3. Try to find a manager who trades his fund's holdings little - every transaction costs money, and some managers change the whole fund (or more) every year. One of my 'investment heroes' from the 1970s and 1980s hand-picked several hundred of what he thought were the best shares available at bargain prices, and barely changed the portfolio for around 15 years. He was regularly in the top 10 out of some 90 unit trusts then in existence during the whole of his tenure. How did he do it? He picked those companies in his market sector that were available in the market at less than what he thought the company was worth, then stuck with them until they got taken over, or became so over-priced compared with their intrinsic worth that he thought it sensible to let others buy what was no longer worth the money.
4. Try to diversify your holdings in such a way that whatever the markets do (in their unpredictable way), you do not have all your assets tied to what does worst that year - it may only be a temporary problem, but it can be very dispiriting if your total portfolio loses 80% one year because you happen to only be in bank shares and the year is 2007. The risk then is that you get so discouraged and sell everything, because you fear that you are then going to lose the rest. Generally speaking, you should have sufficient cash in hand to deal with emergencies, so you don't have to sell long-term performers to bail you out in the short term. This could be such items as replacing the car and domestic appliances, coping with unexpected redundancy, bailing out children who need financial help paying their mortgage after they suffer unexpected financial problems. Then with the remaining money, divide roughly 4 ways between (a) cash on deposit, (b) something with a fixed return over a fixed medium term period (index-linked National Savings certificates would be my choice here, but for the fact that the government has taken them off the market!), (c) property (you may well have covered this with your owner-occupied house), (d) equities such as shares, investment trusts, unit trusts & OEICs. There is also currently a reasonably good argument in favour of bringing a bit of physical gold into the equation, perhaps as part of (a) - in your case a few gold sovereigns may be sufficient.
By having this wide spread of types of asset, you should find that whatever the future holds, you will have something left in case of catastrophic market conditions, and cash in hand to buy equities when they are suddenly very, very cheap.
5. Most years, medium-size and smaller companies outperform large ones, and they may not in practice be as risky as many investment advisers make out.
6. A few funds that I would expect, over the long term, to do well, because of the market sector, the manager's skills, the management charges - this is not a recommendation, of course!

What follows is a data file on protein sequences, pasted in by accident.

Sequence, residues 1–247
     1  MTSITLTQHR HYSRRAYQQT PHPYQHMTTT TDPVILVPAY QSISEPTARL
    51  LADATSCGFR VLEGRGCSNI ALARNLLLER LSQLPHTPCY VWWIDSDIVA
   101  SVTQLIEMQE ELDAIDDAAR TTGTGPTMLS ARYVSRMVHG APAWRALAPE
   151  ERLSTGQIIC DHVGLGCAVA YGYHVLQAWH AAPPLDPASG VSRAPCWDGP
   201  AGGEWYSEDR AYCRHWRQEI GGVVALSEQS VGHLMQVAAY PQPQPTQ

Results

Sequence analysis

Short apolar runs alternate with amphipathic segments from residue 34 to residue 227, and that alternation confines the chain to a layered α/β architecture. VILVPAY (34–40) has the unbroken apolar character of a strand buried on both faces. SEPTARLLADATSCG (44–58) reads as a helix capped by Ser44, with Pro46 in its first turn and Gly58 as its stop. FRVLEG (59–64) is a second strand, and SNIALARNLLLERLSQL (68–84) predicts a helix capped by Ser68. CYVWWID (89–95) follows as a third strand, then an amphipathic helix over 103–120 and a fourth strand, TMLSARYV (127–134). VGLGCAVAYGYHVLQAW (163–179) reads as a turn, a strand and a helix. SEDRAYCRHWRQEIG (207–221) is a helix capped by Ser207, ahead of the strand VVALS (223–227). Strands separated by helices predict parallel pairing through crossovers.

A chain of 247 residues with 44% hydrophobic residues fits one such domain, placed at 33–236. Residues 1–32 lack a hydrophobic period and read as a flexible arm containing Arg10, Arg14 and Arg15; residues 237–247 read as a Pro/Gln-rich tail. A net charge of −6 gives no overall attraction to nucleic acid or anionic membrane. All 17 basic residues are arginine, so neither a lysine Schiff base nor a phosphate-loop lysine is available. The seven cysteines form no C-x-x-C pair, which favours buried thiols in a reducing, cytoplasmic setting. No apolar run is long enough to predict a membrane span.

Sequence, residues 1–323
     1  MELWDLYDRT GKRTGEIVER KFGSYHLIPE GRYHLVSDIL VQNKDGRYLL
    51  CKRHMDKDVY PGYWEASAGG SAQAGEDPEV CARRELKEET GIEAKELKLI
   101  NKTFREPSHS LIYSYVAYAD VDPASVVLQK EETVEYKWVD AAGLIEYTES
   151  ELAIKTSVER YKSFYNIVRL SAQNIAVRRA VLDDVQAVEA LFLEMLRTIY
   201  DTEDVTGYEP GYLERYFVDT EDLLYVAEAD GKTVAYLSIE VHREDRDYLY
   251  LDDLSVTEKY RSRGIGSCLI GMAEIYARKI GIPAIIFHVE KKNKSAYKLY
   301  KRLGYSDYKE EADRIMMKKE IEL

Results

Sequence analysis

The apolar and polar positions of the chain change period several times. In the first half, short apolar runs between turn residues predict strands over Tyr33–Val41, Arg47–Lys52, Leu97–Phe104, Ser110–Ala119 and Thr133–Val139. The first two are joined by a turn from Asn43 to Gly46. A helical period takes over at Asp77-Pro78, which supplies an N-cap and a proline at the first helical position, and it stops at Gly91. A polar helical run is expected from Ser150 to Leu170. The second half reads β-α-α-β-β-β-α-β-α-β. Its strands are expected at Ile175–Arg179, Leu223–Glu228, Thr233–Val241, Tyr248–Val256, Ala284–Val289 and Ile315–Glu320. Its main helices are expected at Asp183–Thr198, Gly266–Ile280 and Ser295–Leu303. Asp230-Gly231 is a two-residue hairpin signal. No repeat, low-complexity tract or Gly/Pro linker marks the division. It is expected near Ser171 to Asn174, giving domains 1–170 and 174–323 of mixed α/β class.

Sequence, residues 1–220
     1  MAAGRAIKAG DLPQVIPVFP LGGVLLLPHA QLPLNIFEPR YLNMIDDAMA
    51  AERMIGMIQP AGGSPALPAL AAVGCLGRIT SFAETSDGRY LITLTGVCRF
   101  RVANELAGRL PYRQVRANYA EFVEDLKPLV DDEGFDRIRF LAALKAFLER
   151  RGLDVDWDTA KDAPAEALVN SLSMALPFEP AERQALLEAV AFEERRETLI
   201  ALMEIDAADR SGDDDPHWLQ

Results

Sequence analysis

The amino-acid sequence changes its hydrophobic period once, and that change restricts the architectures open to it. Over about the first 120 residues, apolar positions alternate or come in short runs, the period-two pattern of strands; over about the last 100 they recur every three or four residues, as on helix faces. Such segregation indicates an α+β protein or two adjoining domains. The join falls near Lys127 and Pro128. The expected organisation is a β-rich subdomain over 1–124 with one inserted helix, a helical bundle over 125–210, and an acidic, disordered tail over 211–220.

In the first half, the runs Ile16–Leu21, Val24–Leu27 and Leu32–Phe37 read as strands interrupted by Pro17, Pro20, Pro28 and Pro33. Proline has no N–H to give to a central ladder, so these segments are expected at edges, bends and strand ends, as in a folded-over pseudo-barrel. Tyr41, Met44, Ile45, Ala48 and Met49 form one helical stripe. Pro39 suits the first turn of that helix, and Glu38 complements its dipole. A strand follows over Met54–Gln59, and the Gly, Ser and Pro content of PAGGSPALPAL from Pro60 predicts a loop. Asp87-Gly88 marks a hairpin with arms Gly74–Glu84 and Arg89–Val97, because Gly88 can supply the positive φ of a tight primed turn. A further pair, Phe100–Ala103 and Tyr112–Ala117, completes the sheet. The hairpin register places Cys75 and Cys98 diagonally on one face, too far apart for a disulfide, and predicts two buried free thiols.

i). Marlborough Special Situations - manager Giles Hargreave [largely medium/small UK companies]
ii) M & G Recovery [buys unloved companies that have been through bad times, but which the manager thinks will survive]
iii) Murray International Investment Trust - manager Bruce Stout [a diverse global portfolio]
iv) Aberdeen Asian Smaller Companies investment trust - managed by Hugh Young and his team [Asian smaller companies]
v) First State Asia Pacific Leaders Trust - managed by Angus Tulloch's team, esp Jonathan Asante [Asian companies that are market leaders]
vi) Personal Assets Trust - an investment trust that concentrates on mainly UK & US large companies with also some fixed interest stocks and gold. Run for security, low risk, realistic targets for growth and income.
vii) Some generalist investment trusts that cover mainly the UK market, but include some global content: Lowland, Temple Bar, City of London, Bankers, Scottish Mortgage. All have been around a long time, and have quite low management charges.
viii) Fundsmith - a quite new but fast-growing fund that concentrates on 20-30 big companies, mainly US and UK that are long established with activities that require people to keep buying small-ticket from them (companies like Unilever, Domino's Pizza, Microsoft, Intercontinental Hotels Group).

Somewhere from all the above, you should be able to put together a good, durable portfolio that shouldn't need much attention. Try to hold chunks of £2,000 to £3,000 minimum to keep dealing charges realistic.

Hope that helps!
8 users thanked Alan Selwood for this post.
Nick Pendleton on 25/02/2013(UTC), Henry Barlow on 25/02/2013(UTC), Paul Davies on 25/02/2013(UTC), Guest on 03/03/2013(UTC), noiansleft on 03/03/2013(UTC), Nick D on 03/03/2013(UTC), Guest on 03/03/2013(UTC), Interceptor on 07/03/2013(UTC)